After the accident, when I had recovered enough, I asked myself the question “Why did this happen?” I didn’t think it was fair. I did take away a sense that there is a time for each of us. I realized that it just wasn’t my time. I no longer live with a fear of death -- when it is time, it is time.
My Naikan reflection on this accident has allowed me to see, in detail, all the thoughtful acts that were done on my behalf by others -- many efforts by my family and people I had never even spoken with. At a time when I was wounded, weak and unable to care for myself, they were there for me, watching over me, offering their love and support to help me get well. It renews my faith in the world that we are intrinsically good, and it awakens my deep gratitude. I am more clearly aware now of my obligation to do for others.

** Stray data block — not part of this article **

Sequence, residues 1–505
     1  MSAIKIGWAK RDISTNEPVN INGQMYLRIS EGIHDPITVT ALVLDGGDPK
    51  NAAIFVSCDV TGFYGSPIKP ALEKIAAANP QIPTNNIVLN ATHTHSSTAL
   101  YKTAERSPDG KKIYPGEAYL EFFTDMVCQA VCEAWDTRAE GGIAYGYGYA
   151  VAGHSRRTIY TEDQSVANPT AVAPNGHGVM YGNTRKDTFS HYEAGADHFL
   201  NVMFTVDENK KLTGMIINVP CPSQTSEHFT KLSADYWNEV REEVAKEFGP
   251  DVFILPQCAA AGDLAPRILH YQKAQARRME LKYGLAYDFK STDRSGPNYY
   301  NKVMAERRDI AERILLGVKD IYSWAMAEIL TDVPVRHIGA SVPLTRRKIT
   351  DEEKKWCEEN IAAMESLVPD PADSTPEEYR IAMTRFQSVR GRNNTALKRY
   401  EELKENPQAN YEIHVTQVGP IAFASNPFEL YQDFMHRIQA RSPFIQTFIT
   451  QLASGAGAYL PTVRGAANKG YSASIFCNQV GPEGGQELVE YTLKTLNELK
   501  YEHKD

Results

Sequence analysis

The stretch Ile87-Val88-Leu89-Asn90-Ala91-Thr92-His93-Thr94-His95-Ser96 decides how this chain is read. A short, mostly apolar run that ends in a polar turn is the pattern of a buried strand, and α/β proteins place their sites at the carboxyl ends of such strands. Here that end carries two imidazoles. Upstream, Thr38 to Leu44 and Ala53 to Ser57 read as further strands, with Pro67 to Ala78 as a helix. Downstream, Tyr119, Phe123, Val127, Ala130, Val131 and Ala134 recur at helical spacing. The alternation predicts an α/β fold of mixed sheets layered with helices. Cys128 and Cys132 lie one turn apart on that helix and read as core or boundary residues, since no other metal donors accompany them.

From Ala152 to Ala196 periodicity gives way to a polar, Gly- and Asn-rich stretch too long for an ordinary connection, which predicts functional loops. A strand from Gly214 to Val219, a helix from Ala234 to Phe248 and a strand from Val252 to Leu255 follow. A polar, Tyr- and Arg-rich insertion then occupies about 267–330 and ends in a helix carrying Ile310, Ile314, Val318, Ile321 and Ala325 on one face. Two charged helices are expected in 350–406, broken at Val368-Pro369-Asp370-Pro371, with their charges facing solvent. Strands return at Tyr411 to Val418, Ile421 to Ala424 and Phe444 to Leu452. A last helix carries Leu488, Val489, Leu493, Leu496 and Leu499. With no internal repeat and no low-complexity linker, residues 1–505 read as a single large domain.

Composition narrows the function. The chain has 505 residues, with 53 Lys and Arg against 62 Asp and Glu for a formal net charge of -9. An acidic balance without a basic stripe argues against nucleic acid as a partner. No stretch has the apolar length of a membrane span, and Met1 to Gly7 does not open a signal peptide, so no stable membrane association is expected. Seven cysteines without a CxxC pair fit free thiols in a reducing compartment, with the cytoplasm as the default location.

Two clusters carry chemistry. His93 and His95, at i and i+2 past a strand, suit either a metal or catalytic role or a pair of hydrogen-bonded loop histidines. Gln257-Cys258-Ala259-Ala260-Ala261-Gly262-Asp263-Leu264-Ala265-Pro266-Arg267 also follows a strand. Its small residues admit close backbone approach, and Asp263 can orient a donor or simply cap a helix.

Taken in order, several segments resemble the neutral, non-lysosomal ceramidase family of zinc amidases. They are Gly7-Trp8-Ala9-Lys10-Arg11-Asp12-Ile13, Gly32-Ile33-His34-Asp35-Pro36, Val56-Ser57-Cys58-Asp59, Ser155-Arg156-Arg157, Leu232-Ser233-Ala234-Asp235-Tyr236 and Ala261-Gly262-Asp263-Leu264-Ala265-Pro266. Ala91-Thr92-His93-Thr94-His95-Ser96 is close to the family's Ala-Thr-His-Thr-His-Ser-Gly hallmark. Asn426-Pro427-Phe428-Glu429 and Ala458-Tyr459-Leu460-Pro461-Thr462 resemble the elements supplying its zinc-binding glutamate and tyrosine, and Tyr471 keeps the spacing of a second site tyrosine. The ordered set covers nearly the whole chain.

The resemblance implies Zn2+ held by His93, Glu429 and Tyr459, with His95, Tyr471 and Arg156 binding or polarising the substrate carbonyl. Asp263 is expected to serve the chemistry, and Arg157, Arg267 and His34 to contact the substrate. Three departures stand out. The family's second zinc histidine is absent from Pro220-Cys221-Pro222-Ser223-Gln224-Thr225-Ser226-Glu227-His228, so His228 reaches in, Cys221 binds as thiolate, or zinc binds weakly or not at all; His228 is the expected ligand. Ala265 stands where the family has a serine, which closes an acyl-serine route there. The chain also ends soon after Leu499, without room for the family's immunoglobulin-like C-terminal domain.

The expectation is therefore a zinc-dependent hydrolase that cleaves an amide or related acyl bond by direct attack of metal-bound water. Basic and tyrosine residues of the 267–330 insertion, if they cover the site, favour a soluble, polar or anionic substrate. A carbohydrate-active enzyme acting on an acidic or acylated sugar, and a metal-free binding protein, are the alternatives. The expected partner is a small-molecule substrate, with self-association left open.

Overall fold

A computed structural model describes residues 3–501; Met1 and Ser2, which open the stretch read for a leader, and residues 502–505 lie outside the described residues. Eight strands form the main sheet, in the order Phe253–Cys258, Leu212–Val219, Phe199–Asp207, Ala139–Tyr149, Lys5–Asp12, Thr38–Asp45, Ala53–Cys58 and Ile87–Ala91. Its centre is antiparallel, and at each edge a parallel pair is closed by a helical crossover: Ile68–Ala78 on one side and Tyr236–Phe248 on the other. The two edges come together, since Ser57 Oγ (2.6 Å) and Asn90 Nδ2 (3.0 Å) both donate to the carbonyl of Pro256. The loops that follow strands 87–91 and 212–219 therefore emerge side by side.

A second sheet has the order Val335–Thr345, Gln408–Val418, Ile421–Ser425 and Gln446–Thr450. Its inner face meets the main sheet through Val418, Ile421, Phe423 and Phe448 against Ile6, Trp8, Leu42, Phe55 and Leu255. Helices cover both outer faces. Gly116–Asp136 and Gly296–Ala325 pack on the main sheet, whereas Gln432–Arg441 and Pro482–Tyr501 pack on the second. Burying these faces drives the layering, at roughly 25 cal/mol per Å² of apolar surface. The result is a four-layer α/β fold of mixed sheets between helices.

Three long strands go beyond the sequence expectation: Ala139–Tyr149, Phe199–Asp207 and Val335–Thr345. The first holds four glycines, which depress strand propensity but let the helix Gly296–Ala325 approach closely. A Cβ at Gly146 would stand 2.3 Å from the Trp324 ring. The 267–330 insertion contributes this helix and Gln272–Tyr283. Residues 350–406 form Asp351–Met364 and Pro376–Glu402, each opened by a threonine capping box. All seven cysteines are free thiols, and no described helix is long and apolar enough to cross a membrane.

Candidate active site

I am now 41 years old. I live a relatively normal life. I am in some type of back or neck discomfort everyday, although I continue to seek new medical avenues and have also learned and developed skills to live fully while in some discomfort. My son was born healthy and uninjured by the accident. I named him Jeremy after my Uncle Jerry, who had died during my pregnancy. He is now 16 years old.
Melissa Ericksen reflected on her accident during her Naikan retreat in Spring, 2003. She lives in Southington, Connecticut and is co-owner of A Balanced Life, a company which coordinates Health & Wellness Expos. She is presently completing her certification program in Japanese Psychology at the ToDo Institute.Posted on October 3, 2003 5:52 PM